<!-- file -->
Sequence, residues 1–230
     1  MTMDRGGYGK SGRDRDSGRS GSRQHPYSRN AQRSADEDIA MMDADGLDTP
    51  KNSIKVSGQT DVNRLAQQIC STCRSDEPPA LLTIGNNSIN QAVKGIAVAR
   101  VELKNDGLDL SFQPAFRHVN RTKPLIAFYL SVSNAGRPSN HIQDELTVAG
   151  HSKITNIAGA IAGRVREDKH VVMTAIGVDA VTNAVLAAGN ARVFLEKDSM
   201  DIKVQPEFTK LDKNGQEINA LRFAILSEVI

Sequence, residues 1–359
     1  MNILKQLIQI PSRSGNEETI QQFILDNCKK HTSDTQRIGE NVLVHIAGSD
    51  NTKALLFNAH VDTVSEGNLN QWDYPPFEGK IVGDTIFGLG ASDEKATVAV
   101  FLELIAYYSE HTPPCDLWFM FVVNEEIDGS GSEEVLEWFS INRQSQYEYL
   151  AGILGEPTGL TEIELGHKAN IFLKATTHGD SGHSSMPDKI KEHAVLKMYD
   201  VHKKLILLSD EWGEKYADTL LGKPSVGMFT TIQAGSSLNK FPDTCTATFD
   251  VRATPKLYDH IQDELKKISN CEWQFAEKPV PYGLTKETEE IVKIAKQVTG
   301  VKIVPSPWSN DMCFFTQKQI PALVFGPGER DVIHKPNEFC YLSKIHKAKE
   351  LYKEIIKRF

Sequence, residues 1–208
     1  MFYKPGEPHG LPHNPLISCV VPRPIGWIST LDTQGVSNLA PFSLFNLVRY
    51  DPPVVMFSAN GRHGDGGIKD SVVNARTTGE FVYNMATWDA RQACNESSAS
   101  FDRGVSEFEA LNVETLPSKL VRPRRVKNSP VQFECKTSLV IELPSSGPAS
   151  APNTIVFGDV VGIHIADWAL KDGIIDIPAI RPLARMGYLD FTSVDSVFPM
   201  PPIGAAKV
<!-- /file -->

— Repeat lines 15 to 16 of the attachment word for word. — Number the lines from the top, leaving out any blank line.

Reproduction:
   351  LYKEIIKRF

Sequence, residues 1–208